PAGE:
Do we really need a credit card?

By Chee Jo-Ey

IN my line of work, I’ve had the opportunity to speak with many financial gurus varying from investment bankers to fintech players. I consider this one of the biggest perks of my job.

Being a newbie, every word was gold and insightful but it was my encounter with a CEO of this particular company that struck me the hardest.

To give you a bit of background, he owns a company based in Singapore that uses board games to teach financial literacy. We had arranged to meet at one of those coffeehouse chains so he could grab a bite to eat before travelling back to the island-republic.

After making our orders, he proceeded to take out from his pocket a tiny plastic bag containing a couple of rolled-up 10 ringgit bills. He said something along the lines of “I set a budget for myself every day to keep track of my spending”.

In a growingly cashless society where almost everyone owns a credit card with some swiping without much thought, I was blown away by this breath of fresh air.

When you spend with cash, you feel the pain with every ringgit you use. The pain I feel physically taking out cash notes from my wallet makes me think twice about my spending.

With a credit card, you just swipe and go, which is very convenient indeed but also increases the risk of getting into debt.

I have seen friends swipe their cards any chance they get (even for a cuppa at Starbucks).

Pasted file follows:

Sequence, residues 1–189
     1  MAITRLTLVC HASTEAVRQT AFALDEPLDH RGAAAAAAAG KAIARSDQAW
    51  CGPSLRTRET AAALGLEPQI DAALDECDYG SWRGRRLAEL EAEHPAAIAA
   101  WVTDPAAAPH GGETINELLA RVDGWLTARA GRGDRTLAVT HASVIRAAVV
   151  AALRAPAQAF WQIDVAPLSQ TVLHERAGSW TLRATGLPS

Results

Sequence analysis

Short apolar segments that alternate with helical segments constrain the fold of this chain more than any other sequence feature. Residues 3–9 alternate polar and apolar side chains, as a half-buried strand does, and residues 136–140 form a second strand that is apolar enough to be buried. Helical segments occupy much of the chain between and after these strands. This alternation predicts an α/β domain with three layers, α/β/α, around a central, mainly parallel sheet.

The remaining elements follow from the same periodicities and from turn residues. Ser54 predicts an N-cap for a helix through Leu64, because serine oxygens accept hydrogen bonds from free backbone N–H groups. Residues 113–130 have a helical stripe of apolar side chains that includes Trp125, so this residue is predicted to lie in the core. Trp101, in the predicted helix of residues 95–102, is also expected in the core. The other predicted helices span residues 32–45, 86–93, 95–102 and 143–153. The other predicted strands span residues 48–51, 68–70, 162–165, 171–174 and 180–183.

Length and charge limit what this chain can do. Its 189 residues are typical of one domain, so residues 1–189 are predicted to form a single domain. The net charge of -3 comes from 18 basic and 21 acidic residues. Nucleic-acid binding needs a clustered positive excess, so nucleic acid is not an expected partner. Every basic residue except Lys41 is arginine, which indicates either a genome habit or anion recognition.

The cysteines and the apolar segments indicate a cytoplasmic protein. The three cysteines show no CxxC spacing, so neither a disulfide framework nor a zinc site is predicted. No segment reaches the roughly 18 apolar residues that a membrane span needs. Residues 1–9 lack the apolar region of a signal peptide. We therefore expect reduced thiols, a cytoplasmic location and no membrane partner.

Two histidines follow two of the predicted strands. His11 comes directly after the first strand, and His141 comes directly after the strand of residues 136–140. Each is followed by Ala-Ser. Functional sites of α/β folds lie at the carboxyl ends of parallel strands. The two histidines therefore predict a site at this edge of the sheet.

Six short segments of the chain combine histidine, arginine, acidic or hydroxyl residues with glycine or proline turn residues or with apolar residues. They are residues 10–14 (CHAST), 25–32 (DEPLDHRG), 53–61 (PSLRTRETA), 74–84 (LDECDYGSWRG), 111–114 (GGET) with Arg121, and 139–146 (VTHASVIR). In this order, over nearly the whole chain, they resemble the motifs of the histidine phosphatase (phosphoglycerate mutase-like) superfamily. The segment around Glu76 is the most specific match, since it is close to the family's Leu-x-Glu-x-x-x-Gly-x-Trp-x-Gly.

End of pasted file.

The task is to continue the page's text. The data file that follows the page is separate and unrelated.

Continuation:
Credit cards are promoted everywhere in shopping malls (ever wonder why?) but proper education on its usage is insufficient.

Requirements to be a principal cardholder is just a minimum age of 21 and a minimum income of RM24,000 per annum.

There are fees and charges users need to be aware of before getting a credit card. Did you know that an issuer may impose a late payment charge for payments not received after the due date?

A check on Public Bank’s website shows that a finance charge of 15% per annum applies to card members with prompt payments for 12 consecutive months.

If you fail to make a minimum payment by the due date, a further charge of a minimum of RM10 or 1% of total outstanding balance as at statement date, whichever is higher, capped to a maximum of RM100, shall be debited to the card account.

Even a small misstep (paying late by a day or two, or paying only the minimum amount when it falls due) can set you back financially.

Imagine having to pay late payment charges for a cup of Starbucks.

I personally try not to get into the habit of relying too heavily on credit cards. I am, however, not saying that we should shun the plastic money altogether. 

A credit card can be useful, but only if it is used for convenience or during an emergency like a laptop breakdown or car troubles. Rule numero uno is to make sure you educate yourself on the charges involved and how to always stay on top of things.

It should not be regarded as a licence to buy extravagantly first and pay later but more as a backup or tool when the unexpected arise.   

If cash is troublesome, you may consider the e-wallet or debit card which may be safer alternatives for those who find the credit card monitoring discipline too complex. 

For those who find keeping track of their spending difficult or feel that their spending can get out of hand most of the time, it might be best to avoid these plastic cards altogether. – Feb 12, 2020

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